After being assigned to work with mentally disabled children, he decided he could not do justice to the children's stories without making a film documentary about them and he applied this philosophy to many of the groups of people he worked with. A pharmaceutical company called Smith, Kline, and French agreed to finance his first film, which went on to win numerous accolades. The film was called Pinkerton: America's First Private Eye, which was a biographical account of the life of abolitionist Allen Pinkerton, the most prominent private investigator of the nineteenth century and founder of the Pinkerton Agency. The book version of the film gained very favorable reviews: In the School Library Journal, Jacqueline Elsner described Wormser's debut book?s an account "told with exciting pacing and engrossing anecdotes." Pat Costello wrote for Voice of Youth Advocates that "history comes alive through the author's efforts..." In the way of writing ventures, the Mystery Writers of America bestowed Wormser the Edgar Allan Poe Award for Best Original Paperback in 1973 for his novel, The Invader.
In one of his most recent nonfiction works, The Rise and Fall of Jim Crow: The African-American Struggle Against Discrimination, 1865-1954, he described the state of affairs in Jim Crow America from the Civil War through the Civil Rights Movement. He went beyond a simple chronological retelling of the story, but rather he illuminated the heightened emotional climate of the period by citing very specific incidents and using quotations from those involved in addition to using descriptive narration. For example, in describing the campaign for governor of Georgia in 1906, he quoted candidate Hoke Smith saying, "We can handle [Blacks] as we did in Wilmington, where the woods were black with their hanging carcasses," and his supporter Tom Watson saying "The Negro has no comprehension of virtue, honesty, gratitude, truth and principle. It is necessary to lynch him occasionally?o keep him from blaspheming the almighty by his conduct on account of his color and smell."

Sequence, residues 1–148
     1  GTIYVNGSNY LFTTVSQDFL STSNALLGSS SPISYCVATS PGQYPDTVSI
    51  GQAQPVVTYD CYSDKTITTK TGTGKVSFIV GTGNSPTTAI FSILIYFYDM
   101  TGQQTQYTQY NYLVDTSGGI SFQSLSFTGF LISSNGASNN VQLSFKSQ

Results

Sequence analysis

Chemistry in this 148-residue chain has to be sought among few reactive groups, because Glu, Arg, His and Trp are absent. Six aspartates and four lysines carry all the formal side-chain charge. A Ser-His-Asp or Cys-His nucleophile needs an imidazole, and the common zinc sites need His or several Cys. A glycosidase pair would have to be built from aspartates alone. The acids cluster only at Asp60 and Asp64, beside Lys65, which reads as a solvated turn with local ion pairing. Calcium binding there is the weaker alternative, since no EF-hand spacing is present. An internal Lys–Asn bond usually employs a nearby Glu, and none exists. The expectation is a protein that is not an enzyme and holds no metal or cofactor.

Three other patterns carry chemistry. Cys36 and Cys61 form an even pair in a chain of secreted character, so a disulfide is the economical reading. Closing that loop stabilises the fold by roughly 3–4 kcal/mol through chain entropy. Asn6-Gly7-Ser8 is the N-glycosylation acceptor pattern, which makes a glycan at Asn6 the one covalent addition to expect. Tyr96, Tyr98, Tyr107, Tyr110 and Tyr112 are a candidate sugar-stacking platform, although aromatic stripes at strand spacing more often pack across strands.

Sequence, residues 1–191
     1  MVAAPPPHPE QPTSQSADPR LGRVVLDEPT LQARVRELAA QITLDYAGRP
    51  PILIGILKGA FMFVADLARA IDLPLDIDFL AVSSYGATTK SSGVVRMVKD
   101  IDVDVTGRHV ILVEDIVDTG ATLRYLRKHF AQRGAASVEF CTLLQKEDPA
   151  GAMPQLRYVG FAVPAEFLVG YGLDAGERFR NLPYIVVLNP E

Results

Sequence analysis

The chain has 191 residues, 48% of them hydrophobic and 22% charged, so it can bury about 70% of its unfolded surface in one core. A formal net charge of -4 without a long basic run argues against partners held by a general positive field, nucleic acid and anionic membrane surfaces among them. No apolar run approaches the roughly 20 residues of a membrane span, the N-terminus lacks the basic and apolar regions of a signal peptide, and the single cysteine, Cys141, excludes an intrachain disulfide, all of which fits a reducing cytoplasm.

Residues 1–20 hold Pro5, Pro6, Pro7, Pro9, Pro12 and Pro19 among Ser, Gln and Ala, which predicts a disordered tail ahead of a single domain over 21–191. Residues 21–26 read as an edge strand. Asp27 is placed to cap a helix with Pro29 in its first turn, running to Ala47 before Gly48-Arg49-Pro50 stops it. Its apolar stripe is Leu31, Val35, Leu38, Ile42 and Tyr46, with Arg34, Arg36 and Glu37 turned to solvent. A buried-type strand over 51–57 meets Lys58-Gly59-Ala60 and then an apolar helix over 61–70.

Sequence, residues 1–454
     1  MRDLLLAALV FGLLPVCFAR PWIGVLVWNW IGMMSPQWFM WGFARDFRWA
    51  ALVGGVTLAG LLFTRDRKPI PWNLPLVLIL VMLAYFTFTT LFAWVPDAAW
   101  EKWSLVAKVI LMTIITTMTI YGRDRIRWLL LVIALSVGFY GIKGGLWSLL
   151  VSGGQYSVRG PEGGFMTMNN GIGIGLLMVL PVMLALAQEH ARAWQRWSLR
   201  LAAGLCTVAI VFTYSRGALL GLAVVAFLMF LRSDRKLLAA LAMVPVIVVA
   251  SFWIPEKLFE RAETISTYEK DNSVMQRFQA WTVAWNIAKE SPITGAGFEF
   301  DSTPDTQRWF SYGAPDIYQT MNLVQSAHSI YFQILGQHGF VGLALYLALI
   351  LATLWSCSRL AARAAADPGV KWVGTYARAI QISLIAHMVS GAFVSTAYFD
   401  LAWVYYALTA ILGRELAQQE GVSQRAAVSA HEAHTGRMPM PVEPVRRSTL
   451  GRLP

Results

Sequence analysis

His writing style is one that draws the reader into the story by using dramatic introductory sentences to capture the reader's attention. In his very first sentence of the first chapter of The Rise and Fall of Jim Crow, he writes:
At 4:30 A.M., on the morning of April 12, 1861, Edward Ruffin, a flinty, irascible old man from Virginia who passionately hated the North and who for twenty years had been haranguing the South to secede from the United States, received a singular honor form the Confederate Army: He fired the first shot of the Civil War.
Richard Wormser has always and continues to address historical and social issues in his films and books. Among his novels that address social issues are Three Faces of Vietnam, Juveniles in Trouble, and American Islam: Growing up Muslim in America. His historical novels include The Titanic and The Rise and Fall of Jim Crow. Recently, he has written Defending the Accused: Stories from the Courtroom (2001) and To the Young Filmmaker: Conversations with Working Filmmakers (2002), both of which are written documentaries of his interactions with people in their respective fields. His body of work has and will likely continue to amass critical praise and introduce to his audience a new perspective on the issues he presents to his readers.
The Invader. Greenwich, CT: Fawcett Gold Medal, 1972.
Pinkerton: America's First Private Eye. New York: Walker, 1990.
Lifers: Learn the Truth at the Expense of Our Sorrow. New York: Simon & Schuster, 1991.
Countdown to Crisis: A Look at the Middle East. New York: Simon & Schuster, 1992.
Three Faces of Vietnam. New York: F. Watts, 1993.
The Iron Horse: How Railroads Changed America. New York: Walker, 1993.
Growing up in the Great Depression. New York: Atheneum, 1994
Juveniles in Trouble. New York: Simon & Schuster, 1994.
American Islam: Growing up Muslim in America. New York: Walker, 1994.
The Titanic. New York: Explorer Books, 1994.
American Childhoods: Three Centuries of Youth at Risk. New York: Walker, 1996.
The Rise and Fall of Jim Crow: The African-American Struggle Against Discrimination, 1865-1954. New York: Frank Watts, 1999.
Costello, Pat. Rev. of Pinkerton: America's First Private Eye, by Richard Wormser. Voice of Youth Advocates 13 (Dec. 1990): 323-324.
Elsner, Jacqueline. Rev. of Pinkerton: America's First Private Eye, by Richard Wormser. School Library Journal 36 (Dec. 1990): 120.